The newspaper tells me that Maulana Sufi Muhammad, he of the red-dyed beard and violent religiosity, has died, as – fortunately – we all must. When this columnist was vacationing with his family in that lovely valley as far back as 1995, all the locals were talking about this cleric, since, over the previous two or three years, he and his cohorts had swooped down from Malakand to terrorise both tourists and locals by demanding that they declare Shariah to be law and drive on the right-hand side of the road. It was with difficulty – and many promises to do just that – that he was persuaded to withdraw. But, as it turned out, he would return in full force.
Those of us not entirely clueless about the former princely state of Swat might recall Begum Nasim Aurangzeb, the wife of its last princely ruler. This lovely lady, the de facto first lady of Pakistan during the rule of her father President Ayub Khan, was one of the brightest spots of that regime. She projected a most graceful image of Pakistan around the world.
The exquisite Valley that Begum Nasim’s husband ruled had held a special status in the annals of the Gandhara civilization that had flourished for more than a millennium in what is now Pakistan. Udhayana, they called it, “vale of flowers”. And here was cultivated a uniquely gentle and meditative way of life. When, early in the 6th century, the invasion of the savage and cruel Hepthalites (White Huns) under the brutal Toramana and his uniquely cruel son Mihirakula destroyed Gandhara, a small group of monks carried the relics of their religion and culture over the Malakand Pass into the paradisal valley of Swat – where it continued to thrive for another five centuries.
In more recent times, too, Swat had been special. Here, uniquely, education was free and schools for both boys and girls operated in every single village, courtesy the Miangul family who ruled here.
But what was to be the destiny of Swat, this almost lost valley, by the turn of the present century? Destroyed schools, blasted homes, flogged women, public beheadings, and a systematic savagery that makes the cruelties of the bestial Mihirakula appear almost civilized! Here, in this little mountainous microcosm, we perceived the dire reality of state failure. The process of destruction of state and society in this valley began in 1992, when Maulana Sufi Muhammad had first burst onto the scene.
After amalgamation with the then NWFP, government receded from the citizen’s doorstep towards Peshawar and Islamabad
After the rule of the Miangul family ended in 1970 with the amalgamation of the State of Swat into the the present-day Khyber-Pakhtunkhwa province, the people of Swat became subject to the same kind of misrule, neglect and injustices to which the rest of us in Pakistan have been long inured. Here was a people accustomed to all the benefits of a benign despotism that nevertheless operated close to the earth and that delivered effective administration, social services and a quick justice – right at the citizen’s doorstep. After amalgamation with the then North West Frontier Province (NWFP), the benefits of such amalgamation notwithstanding, government receded from the citizen’s doorstep towards Peshawar and Islamabad. The 1970s saw the administration of the province rendered ineffective because of the political contretemps between the bizarre coalition of the socialist-secular NAP with the rightwing-Islamist JUI, on the one hand; and the PPP government of Bhutto on the other. The 1980s saw the iron fist of General Fazle Haq – emissary of the hellish Zia regime – slammed down on the Province. The 1990s witnessed the successive making and unmaking of governments at Peshawar as a sub-theme of the three-way struggles between Benazir Bhutto, Nawaz Sharif and Ghulam Ishaq Khan.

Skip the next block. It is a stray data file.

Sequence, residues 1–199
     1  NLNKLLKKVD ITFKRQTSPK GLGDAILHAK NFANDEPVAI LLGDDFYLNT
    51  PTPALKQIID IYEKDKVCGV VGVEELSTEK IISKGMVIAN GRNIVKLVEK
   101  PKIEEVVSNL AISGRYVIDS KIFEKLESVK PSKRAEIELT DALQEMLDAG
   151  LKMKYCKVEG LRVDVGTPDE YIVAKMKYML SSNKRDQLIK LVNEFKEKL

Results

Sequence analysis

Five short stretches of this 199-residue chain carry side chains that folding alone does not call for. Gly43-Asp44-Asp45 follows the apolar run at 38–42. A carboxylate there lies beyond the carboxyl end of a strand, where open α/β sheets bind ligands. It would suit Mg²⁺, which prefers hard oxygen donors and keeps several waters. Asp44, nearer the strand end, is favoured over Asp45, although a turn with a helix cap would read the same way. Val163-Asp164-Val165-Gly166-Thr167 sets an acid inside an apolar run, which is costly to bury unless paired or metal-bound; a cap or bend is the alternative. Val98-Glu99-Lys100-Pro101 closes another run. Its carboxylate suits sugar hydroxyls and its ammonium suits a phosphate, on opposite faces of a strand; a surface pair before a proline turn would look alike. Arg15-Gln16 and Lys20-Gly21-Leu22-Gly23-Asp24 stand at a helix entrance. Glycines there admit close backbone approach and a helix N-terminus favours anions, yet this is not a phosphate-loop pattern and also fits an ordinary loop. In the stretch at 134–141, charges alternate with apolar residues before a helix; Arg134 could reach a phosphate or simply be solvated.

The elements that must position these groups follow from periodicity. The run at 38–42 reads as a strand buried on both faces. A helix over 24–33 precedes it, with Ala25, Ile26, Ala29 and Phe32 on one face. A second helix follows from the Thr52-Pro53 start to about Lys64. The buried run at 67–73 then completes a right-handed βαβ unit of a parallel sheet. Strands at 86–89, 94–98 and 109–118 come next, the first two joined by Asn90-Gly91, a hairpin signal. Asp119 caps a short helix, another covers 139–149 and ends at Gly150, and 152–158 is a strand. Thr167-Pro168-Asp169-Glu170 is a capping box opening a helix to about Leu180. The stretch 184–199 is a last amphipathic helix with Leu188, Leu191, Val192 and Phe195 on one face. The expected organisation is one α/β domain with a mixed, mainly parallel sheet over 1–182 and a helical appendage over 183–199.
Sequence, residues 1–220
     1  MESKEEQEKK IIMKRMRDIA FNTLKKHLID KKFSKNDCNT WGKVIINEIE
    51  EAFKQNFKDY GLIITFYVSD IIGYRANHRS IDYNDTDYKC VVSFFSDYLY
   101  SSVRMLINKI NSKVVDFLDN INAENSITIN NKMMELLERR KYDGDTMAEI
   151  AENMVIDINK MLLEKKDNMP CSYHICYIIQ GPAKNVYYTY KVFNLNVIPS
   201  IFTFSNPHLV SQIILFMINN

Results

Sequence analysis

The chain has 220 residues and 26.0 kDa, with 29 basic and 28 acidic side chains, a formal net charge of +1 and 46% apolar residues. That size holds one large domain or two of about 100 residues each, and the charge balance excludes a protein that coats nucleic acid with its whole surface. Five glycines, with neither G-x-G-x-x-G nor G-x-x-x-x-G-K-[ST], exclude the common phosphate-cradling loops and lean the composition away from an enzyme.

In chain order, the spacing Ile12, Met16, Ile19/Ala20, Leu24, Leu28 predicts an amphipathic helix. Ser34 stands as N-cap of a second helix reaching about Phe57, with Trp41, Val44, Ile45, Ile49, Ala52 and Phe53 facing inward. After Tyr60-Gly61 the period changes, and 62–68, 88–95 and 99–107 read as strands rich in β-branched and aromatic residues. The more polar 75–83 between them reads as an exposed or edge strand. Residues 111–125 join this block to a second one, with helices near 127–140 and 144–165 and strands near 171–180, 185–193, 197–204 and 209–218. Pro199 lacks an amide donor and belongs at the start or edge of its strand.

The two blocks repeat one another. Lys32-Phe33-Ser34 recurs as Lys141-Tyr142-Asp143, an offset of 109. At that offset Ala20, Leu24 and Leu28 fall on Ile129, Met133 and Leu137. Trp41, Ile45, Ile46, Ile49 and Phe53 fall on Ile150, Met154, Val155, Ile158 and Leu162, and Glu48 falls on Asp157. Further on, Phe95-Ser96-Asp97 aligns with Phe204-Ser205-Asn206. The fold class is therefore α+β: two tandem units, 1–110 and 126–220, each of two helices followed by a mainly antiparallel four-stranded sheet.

Like the rest of us, the people of Swat became the victims of bureaucratic indifference, political incompetence, administrative and police corruption, and judicial distance and slowness. Enter Maulana Sufi Muhammad. His Tahrik-e-Nifaz-e-Shari’at-e-Muhammadi (TNSM) offered the ordinary people of the valley a kind of rough justice that was at least uniformly applied. And this idea of justice was legitimized by reference to the Shariah, albeit the Maulana’s particular interpretations thereof.